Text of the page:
"The most pathetic thing to do off of Cisco and Dell is to sell in what has always been the seasonably strongest part of the year. Right now is when the build starts, for PCs, for cell phones, for all of those consumer products that I want to leverage to. We could see an even bigger build in cell phones than usual because of the 3G mix change that starts in the fourth quarter," Cramer said.
In sum, Cramer said that any declines in tech should be seen as a gift.
Highs and Lowe's
reported better-than-expected second-quarter earnings Monday morning. But does good news for Lowe's mean equally good news for its rivals? Cramer asked.
Cramer said what's good for Lowe's may, in fact, not be good for its competitors. Instead, Cramer said that if you are looking for pin action after Lowe's terrific quarter, you would be better served by looking on Lowe's shelves -- going aisle by aisle.
Cramer said he would be looking at
Black & Decker
( FO), Whirlpool,
And if you think Cramer is crazy for recommending cyclicals, he said that he's not worried about it. Oil prices -- along with gasoline prices -- are going up, but the Europeans have been dealing with high gas prices for years, suggesting that American companies should be able to deal with rising prices as well.
"Do not write off the obvious," Cramer said. "It can make you money."
Finally, Cramer spoke with the CEO of
via telephone. Cramer asked Richard Schnieders why rising fuel prices did not hurt the company's fourth-quarter results, which the company reported on Monday morning. The CEO applauded his distributors and said that consumers are getting used to higher oil prices. Consumers are still eating out, the CEO said.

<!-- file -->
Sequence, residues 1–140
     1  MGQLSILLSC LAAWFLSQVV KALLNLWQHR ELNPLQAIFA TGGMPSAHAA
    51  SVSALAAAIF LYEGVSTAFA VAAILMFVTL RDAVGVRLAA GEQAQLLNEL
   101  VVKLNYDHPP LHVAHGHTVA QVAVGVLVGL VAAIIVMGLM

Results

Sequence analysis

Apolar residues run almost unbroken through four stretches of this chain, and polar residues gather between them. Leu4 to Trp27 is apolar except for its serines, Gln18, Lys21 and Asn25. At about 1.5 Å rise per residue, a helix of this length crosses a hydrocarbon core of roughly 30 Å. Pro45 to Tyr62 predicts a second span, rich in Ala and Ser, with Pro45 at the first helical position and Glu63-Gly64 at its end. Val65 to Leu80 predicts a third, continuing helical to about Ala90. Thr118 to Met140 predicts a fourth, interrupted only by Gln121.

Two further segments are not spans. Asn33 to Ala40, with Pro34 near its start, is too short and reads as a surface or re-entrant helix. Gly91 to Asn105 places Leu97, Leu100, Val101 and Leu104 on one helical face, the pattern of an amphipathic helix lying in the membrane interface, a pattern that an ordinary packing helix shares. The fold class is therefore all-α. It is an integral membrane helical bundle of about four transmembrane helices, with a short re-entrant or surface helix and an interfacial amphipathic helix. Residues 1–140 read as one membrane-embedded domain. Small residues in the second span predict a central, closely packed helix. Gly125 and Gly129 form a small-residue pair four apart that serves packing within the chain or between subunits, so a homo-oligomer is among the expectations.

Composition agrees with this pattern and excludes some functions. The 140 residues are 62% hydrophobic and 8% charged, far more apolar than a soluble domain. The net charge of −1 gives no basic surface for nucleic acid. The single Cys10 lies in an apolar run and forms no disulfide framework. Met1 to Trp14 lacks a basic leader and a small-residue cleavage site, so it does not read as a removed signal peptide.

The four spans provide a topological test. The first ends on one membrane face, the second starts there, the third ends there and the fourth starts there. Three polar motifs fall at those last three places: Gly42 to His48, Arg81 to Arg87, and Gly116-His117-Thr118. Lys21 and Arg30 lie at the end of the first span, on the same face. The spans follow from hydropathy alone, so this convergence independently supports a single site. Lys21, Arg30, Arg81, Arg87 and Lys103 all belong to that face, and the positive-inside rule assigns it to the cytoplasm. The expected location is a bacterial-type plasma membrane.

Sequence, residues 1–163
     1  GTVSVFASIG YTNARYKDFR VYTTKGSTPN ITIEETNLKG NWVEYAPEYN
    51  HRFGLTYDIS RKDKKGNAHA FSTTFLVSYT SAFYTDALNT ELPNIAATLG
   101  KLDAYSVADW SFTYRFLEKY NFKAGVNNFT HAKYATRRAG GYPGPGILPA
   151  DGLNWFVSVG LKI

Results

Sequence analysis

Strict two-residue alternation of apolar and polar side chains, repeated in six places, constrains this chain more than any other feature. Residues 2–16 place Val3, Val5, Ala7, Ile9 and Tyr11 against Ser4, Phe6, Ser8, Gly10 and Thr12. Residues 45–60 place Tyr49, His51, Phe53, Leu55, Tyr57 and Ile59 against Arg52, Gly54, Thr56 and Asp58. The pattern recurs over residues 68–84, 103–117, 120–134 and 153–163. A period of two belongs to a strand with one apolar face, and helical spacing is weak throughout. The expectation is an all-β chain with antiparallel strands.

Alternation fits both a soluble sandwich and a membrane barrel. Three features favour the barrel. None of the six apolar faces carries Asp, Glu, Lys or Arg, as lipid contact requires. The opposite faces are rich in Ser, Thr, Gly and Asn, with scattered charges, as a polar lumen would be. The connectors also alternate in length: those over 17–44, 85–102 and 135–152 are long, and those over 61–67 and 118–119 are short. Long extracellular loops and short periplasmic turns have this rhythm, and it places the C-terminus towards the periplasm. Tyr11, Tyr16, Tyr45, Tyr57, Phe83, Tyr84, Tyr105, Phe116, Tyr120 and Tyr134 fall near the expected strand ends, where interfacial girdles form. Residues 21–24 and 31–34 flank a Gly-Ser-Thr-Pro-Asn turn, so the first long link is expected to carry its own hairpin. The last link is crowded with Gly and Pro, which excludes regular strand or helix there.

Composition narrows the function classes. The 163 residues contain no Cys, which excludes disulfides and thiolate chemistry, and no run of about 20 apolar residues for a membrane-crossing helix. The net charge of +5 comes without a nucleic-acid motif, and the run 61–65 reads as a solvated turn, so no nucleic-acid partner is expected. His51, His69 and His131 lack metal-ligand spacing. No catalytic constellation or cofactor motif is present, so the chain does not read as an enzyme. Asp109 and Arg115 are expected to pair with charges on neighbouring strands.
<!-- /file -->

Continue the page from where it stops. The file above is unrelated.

The food service distributor also said that its huge distribution centers allow the company to better service its customers, while also minimizing the impact that rising oil might otherwise have. Cramer, after listening to the company's bullish presentation, said that he would do a "'mon back" on the stock.
At the time of publication, Cramer was long Intel, Microsoft and Lucent.
James J. Cramer is a director and co-founder of TheStreet.com. He contributes daily market commentary for TheStreet.com's sites and serves as an adviser to the company's CEO. Outside contributing columnists for TheStreet.com and RealMoney.com, including Cramer, may, from time to time, write about stocks in which they have a position. In such cases, appropriate disclosure is made. To see his personal portfolio and find out what trades Cramer will make before he makes them, sign up for
ActionAlertsPLUS. While he cannot provide personalized investment advice or recommendations, he invites you to send comments on his column by
clicking here. Listen to Cramer's RealMoney Radio show on your computer; just click
here. Watch Cramer on "Mad Money" at 6 p.m. ET weeknights on CNBC. Click
here to order Cramer's latest book, "Real Money: Sane Investing in an Insane World," click
here to get his second book, "You Got Screwed!" and click
here to order Cramer's autobiography, "Confessions of a Street Addict."